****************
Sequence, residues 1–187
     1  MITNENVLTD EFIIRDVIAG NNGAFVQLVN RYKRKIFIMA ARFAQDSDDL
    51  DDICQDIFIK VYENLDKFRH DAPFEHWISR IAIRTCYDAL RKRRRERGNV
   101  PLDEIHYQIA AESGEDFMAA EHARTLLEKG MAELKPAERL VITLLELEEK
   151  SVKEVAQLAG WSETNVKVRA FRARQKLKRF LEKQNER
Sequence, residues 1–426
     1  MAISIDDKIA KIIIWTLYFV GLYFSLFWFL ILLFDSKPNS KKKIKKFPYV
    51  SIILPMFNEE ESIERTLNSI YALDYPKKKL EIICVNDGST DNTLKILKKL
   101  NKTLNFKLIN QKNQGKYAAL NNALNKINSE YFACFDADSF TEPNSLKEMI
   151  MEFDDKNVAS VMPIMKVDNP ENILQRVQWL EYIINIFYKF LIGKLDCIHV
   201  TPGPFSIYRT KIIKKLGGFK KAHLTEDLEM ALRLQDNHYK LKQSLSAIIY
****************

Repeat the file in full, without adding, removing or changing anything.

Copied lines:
Sequence, residues 1–187
     1  MITNENVLTD EFIIRDVIAG NNGAFVQLVN RYKRKIFIMA ARFAQDSDDL
    51  DDICQDIFIK VYENLDKFRH DAPFEHWISR IAIRTCYDAL RKRRRERGNV
   101  PLDEIHYQIA AESGEDFMAA EHARTLLEKG MAELKPAERL VITLLELEEK
   151  SVKEVAQLAG WSETNVKVRA FRARQKLKRF LEKQNER
Sequence, residues 1–426
     1  MAISIDDKIA KIIIWTLYFV GLYFSLFWFL ILLFDSKPNS KKKIKKFPYV
    51  SIILPMFNEE ESIERTLNSI YALDYPKKKL EIICVNDGST DNTLKILKKL
   101  NKTLNFKLIN QKNQGKYAAL NNALNKINSE YFACFDADSF TEPNSLKEMI
   151  MEFDDKNVAS VMPIMKVDNP ENILQRVQWL EYIINIFYKF LIGKLDCIHV
   201  TPGPFSIYRT KIIKKLGGFK KAHLTEDLEM ALRLQDNHYK LKQSLSAIIY